Batting

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The batting team will send two of their batsmen to score runs. Losing a wicket will require having to send another batsman until the team is all out.

Batting Dismissals

  • Bowled Out: If a bowler's delivery hits the stump and dislodges the bails completely, then the batsman is bowled out. At least one of the bails should be dislodged completely.
  • Caught Out: If the ball hits the bat or the glove and the ball is caught by any fielder, then the batsman is dismissed.
  • Run Out: This call happens when the bails on the stumps are dislodged by the fielding team while the batsman is completing a run.
  • Timed Out: This is pretty rare. If the next batsman in the line does not get ready for the delivery within 3 minutes of the previous batsman, he is given a call of timed out. This has never happened in international cricket.
  • Stumped: A batsman is stumped out if he steps past his crease and the wicket keeper dislodges the bails.
  • Leg Before Wicket or LBW: The umpire makes this call when he feels that a ball would have hit a stump if it had not been blocked by the batsman body, typically the leg. One thing to keep in mind here is that the ball should not be pitched outside the line of the leg stump.
  • Hit Wicket: A batsman is called for a hit wicket if he dislodges his stumps with his bat or body.

Bowling

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The bowling team will have to bowl and field. They will have the objective of preventing the batting team from scoring. In One Day Internationals, a bowler is allowed to bowl only ten overs. In the Twenty-20 format, the bowler is allowed no more than four overs. There is no limit in Test cricket. A bowler cannot bowl two consecutive overs at a time.

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Gameplay Rules

No Ball

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No ball is a kind of illegal delivery by the bowler. The umpire calls the no ball by holding one arm out horizontally. This is called when the bowler throws with some part of his front foot beyond the crease. If called for this, they would have to bowl another delivery as the ball would not count in the over and one extra run is also added in the batting team's score.

The batsman cannot be given an out on a no ball except in the form of a run out. There are many other reasons for which a ball can be called a no ball but stepping beyond the crease is the most common. In One Day Internationals and T20 cricket, a free hit is also awarded.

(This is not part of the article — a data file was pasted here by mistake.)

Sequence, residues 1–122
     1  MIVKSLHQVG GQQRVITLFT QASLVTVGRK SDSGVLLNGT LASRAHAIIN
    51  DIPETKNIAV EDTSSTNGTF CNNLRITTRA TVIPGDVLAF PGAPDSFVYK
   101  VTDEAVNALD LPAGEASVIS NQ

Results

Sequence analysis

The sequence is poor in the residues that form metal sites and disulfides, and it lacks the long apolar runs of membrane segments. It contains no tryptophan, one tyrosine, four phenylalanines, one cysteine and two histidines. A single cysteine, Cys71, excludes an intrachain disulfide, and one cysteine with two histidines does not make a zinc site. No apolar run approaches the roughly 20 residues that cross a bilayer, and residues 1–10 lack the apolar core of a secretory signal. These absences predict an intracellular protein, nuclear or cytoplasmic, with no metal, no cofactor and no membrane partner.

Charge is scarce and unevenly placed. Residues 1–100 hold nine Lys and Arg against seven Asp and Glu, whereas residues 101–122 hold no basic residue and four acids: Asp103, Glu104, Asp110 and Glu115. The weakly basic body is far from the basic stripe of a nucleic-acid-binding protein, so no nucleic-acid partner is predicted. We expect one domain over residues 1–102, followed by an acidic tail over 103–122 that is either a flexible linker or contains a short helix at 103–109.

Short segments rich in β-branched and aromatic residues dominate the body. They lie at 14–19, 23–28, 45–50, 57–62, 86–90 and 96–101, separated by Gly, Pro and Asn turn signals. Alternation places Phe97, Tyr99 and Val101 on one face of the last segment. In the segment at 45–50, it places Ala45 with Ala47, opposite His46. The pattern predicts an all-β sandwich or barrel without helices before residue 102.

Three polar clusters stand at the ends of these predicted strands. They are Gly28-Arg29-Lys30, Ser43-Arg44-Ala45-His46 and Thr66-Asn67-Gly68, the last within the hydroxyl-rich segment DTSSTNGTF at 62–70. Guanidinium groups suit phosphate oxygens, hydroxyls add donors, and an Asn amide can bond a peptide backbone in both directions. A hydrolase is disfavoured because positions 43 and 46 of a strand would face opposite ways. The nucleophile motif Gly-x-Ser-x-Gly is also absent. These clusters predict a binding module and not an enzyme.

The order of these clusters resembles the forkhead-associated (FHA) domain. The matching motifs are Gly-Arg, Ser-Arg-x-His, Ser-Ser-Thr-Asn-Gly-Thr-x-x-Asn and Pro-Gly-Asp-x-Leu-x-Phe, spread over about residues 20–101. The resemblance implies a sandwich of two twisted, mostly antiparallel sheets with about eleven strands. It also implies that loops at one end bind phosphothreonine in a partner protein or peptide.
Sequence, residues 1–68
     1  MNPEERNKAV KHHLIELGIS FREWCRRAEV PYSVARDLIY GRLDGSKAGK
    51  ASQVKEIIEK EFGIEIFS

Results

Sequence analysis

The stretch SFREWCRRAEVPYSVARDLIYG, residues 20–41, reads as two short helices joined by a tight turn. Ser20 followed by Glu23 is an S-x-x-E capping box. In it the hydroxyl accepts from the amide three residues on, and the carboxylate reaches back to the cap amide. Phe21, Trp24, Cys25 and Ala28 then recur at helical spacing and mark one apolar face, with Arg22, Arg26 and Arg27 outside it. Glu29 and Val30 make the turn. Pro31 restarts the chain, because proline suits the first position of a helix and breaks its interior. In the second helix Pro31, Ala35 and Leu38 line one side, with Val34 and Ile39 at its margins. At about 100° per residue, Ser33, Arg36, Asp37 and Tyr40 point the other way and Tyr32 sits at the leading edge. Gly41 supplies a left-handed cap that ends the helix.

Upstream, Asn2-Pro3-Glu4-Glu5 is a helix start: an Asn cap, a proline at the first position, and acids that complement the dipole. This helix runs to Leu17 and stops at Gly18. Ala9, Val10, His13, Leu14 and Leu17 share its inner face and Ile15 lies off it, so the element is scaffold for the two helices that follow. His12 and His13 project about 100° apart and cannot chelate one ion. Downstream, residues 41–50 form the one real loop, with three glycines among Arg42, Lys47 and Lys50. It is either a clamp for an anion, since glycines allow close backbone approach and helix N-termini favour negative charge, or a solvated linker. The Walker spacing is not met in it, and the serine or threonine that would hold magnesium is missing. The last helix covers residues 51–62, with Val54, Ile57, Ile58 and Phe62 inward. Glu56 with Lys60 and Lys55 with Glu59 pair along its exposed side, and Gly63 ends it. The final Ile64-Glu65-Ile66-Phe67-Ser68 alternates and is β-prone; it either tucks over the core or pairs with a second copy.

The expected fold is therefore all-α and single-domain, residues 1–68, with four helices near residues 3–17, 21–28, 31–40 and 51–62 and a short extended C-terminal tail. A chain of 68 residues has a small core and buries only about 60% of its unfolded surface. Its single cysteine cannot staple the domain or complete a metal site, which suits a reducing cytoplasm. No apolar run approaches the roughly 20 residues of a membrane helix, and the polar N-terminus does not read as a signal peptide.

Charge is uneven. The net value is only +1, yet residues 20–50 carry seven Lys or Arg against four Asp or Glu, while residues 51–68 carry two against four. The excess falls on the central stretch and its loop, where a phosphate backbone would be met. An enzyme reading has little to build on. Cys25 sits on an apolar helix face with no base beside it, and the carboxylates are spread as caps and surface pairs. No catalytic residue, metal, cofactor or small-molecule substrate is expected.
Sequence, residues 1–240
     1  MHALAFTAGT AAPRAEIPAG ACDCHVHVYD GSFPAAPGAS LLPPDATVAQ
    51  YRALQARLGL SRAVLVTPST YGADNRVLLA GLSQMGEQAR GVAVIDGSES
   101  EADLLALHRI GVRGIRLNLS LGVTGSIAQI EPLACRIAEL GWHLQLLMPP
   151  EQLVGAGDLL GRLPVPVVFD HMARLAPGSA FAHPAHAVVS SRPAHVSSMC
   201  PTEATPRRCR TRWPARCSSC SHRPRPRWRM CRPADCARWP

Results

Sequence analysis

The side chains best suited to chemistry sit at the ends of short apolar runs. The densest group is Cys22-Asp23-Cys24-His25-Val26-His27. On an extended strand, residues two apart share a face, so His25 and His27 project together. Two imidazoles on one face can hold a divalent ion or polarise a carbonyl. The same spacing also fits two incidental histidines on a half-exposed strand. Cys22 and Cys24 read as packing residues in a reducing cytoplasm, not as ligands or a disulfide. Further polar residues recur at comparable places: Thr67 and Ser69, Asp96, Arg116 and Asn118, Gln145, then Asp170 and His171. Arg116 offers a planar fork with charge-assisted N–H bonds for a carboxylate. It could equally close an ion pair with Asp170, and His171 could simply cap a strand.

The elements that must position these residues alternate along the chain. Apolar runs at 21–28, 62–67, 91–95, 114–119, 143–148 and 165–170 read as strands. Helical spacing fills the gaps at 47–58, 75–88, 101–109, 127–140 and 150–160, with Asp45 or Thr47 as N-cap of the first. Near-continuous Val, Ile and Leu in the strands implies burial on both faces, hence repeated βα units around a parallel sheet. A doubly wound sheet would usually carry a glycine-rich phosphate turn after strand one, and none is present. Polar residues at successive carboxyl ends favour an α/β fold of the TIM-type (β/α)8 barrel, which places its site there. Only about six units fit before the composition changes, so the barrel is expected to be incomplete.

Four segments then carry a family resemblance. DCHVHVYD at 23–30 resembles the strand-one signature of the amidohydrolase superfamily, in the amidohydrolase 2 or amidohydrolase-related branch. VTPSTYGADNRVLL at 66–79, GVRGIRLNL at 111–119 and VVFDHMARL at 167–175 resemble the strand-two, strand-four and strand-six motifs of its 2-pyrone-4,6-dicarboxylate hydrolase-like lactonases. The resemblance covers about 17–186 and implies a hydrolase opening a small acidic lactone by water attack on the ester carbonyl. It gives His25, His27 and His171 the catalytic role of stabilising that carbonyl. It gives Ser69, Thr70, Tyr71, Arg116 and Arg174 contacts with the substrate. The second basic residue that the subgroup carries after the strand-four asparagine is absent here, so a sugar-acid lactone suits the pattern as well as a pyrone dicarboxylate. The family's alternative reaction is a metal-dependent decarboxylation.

Wide Ball

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If the bowler bowls the ball too wide from the batsman, then the ball is called as a wide ball. The umpire signals this by stretching both hands out horizontally. The ball is not counted as a legitimate delivery and an extra run is awarded to the batting team.

Leg Byes

Leg byes are awarded when the batsman is hit by the ball and they have completed a run. The runs are added up to the teams total but not in the batsman's total. Umpires signal a leg bye with a hand touching their raised knee.

Byes

Similarly, a bye is a run scored by the batsman when the ball has not been touched by any part of their body and they have completed a run.

There are two other conditions for byes and how the runs are calculated.

If the ball was a no ball and any byes are scored, then they are recorded in the scorecard as no balls rather than byes.

If the ball was a wide ball and any byes are scored, they are recorded in the scorecard as wides, not byes.

The umpire signals byes by raising his arm into a vertical position, the palm of his hand open to differentiate between a bye and an out.

Mandatory Field Restrictions

This point applies to all forms of cricket. Only two fielders are allowed between the position of square leg and long stop.

For One Day Internationals, the first ten overs only allow a maximum of 2 fielders to be outside the 30 yard circle (30 yards are measured from the center of the pitch and the area outside the 30 yard circle is known as outfield while the area inside the circle is known as infield.) After 10 overs, the concept of powerplay comes into play.

For Twenty-20 internationals, there is a restriction of two fielders outside the 30 yard circle for the first six overs.

In all forms of cricket, a maximum of five fielders can be outside the circle in the rest of the innings.

Powerplay

Powerplays are field restrictions that are applied in the One Day Internationals.

  • Powerplay One: For the first ten overs, only two players are allowed to field outside the 30 yard circle.